Image credits: AM FL
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Weekly Roundups

US Stops Receiving Michoacan’s Mango, Avocado

By Sofía Hanna | Wed, 02/16/2022 - 12:29

This week, Michoacan's mango and avocado exports have been paused following a threatening call to a US officer. Scientists shared how the world should be handling plastics to reduce ocean waste and prevent further damage to the environment. Finally, the World Organization for Animal Health (OIE) recognized Mexico’s efforts to fight mad cow disease. 

 

Interested in more? Here are the week’s major headlines in Agribusiness & Food!

 

US Suspends of Avocado Shipments

The US health authorities paused pending shipments of avocado from Mexico after an officer carrying out inspections in Uruapan, Michoacan, received a threatening call on his official cell phone, according to   the National Service for Agrifood Health, Safety and Quality (SENASICA). This pause could greatly impact the sector, economy and the over 300,000 jobs that depend on these exports. 

 

US Markets Stop Receiving Michoacan’s Mango

After the pause in avocado exports, the US announced it would also stop receiving Michoacan’s mango. At the moment, it is not known how long the US markets will be closed to but the US Department of Security and the embassy have suspended USDA services in Michoacan. The US is still providing certification services for mangoes from Oaxaca and Chiapas.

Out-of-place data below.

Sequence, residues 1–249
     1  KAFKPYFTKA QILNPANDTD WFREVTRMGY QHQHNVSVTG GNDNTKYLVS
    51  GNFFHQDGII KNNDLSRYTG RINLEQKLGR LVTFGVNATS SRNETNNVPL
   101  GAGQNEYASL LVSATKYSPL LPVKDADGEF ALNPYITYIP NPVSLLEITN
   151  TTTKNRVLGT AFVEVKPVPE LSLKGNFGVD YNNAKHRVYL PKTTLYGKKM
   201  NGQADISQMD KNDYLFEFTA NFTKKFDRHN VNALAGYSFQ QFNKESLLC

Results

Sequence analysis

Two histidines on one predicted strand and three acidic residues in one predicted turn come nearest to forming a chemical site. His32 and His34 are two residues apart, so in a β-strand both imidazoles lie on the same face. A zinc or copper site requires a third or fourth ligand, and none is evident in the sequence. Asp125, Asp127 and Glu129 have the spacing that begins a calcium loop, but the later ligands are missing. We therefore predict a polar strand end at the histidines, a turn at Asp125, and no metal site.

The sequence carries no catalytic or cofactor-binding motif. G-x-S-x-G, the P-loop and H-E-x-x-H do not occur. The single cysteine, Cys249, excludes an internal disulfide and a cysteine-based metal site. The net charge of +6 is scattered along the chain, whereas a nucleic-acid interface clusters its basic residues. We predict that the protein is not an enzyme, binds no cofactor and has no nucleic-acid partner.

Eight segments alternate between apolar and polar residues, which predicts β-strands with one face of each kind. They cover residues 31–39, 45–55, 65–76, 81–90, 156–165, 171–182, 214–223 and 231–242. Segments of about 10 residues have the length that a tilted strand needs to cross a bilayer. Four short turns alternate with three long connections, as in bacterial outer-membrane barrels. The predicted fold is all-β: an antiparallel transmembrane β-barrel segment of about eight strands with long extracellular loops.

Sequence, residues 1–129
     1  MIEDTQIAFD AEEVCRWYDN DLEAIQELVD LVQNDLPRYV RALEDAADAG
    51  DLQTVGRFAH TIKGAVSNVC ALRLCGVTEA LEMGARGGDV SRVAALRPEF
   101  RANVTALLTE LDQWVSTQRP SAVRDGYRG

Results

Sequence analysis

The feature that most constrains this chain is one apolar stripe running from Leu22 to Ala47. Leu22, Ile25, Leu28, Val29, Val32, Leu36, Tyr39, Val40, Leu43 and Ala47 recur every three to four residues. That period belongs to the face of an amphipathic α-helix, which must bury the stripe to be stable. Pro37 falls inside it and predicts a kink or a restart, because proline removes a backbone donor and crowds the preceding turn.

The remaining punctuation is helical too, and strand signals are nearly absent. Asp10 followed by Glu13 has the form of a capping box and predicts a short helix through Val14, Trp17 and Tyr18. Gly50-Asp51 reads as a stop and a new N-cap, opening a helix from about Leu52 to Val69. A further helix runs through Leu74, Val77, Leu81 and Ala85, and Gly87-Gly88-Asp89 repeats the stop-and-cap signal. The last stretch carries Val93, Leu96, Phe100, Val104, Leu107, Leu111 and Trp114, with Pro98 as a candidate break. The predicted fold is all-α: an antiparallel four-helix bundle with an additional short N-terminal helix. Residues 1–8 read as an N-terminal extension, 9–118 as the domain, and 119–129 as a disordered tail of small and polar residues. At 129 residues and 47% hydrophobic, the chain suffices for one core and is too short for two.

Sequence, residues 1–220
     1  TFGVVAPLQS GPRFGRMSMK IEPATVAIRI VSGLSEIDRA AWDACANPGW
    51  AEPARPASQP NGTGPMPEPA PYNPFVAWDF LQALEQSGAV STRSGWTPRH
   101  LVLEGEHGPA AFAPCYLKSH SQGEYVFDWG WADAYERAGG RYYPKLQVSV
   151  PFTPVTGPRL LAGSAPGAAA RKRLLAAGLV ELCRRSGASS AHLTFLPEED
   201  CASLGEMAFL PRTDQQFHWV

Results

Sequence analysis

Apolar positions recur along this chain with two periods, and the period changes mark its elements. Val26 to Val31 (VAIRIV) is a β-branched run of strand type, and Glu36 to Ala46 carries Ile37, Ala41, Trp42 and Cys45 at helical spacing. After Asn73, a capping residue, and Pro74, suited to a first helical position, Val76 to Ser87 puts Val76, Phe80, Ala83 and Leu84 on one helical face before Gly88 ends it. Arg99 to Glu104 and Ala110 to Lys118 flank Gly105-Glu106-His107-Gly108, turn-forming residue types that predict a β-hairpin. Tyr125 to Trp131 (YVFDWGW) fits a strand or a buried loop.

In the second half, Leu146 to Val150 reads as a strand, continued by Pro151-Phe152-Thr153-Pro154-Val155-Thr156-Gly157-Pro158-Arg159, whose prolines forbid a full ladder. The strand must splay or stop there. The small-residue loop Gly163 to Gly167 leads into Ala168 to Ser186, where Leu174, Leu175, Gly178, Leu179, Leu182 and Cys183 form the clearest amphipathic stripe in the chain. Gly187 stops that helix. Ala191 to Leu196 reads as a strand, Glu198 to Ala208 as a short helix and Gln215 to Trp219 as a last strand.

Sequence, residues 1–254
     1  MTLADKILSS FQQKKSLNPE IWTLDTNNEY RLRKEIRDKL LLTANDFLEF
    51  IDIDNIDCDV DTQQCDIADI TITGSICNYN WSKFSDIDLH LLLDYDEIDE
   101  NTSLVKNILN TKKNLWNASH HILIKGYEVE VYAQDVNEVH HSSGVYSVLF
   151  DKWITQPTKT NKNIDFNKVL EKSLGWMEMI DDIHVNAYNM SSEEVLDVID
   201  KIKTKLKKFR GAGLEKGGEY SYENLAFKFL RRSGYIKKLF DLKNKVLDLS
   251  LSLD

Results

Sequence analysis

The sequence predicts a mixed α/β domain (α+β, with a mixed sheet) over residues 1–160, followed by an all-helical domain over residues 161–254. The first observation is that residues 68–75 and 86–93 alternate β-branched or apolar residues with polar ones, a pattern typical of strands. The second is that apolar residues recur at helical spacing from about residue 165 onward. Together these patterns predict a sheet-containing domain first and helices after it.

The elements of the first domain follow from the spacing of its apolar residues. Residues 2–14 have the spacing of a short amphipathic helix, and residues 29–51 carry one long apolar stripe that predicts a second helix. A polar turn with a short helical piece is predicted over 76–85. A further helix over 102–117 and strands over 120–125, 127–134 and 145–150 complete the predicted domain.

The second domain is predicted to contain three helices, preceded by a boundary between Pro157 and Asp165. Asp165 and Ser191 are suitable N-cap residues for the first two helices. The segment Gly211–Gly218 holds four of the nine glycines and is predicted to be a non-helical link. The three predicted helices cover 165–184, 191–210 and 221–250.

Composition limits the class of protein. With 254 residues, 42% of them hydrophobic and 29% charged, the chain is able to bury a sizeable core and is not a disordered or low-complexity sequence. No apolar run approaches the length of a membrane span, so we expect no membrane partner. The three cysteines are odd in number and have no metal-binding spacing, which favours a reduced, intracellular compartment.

Eleven Million tons of Plastic are Discarded Every Year

The world is dumping nearly 11 million tons of plastic into the oceans each year, a crisis that cannot be addressed by simple recycling, said, scientists. The UN Environment Program (UNEP) encouraged governments and other stakeholders to commit to ambitious national actions to create a circular economy for plastic so these never become waste, eliminating the pollution they cause especially in oceans. If decisive actions are not taken immediately, solid plastic waste will double and ocean plastic stocks will quadruple, warned UNEP. 

 

Mexico’s Preventive Work Against Mad Cow Disease is Recognized

The OIE recognized ‘s efforts to prevent the spread of bovine spongiform encephalopathy (BSE), also known as mad cow disease. SENASICA has committed to continue promoting certification in good manufacturing practices and inspecting production plants and food factories to maintain the country’s sanitary status.

The data used in this article was sourced from:  
SADER, Agronoticias
Photo by:   AM FL, Unsplash
Sofía Hanna Sofía Hanna Journalist and Industry Analyst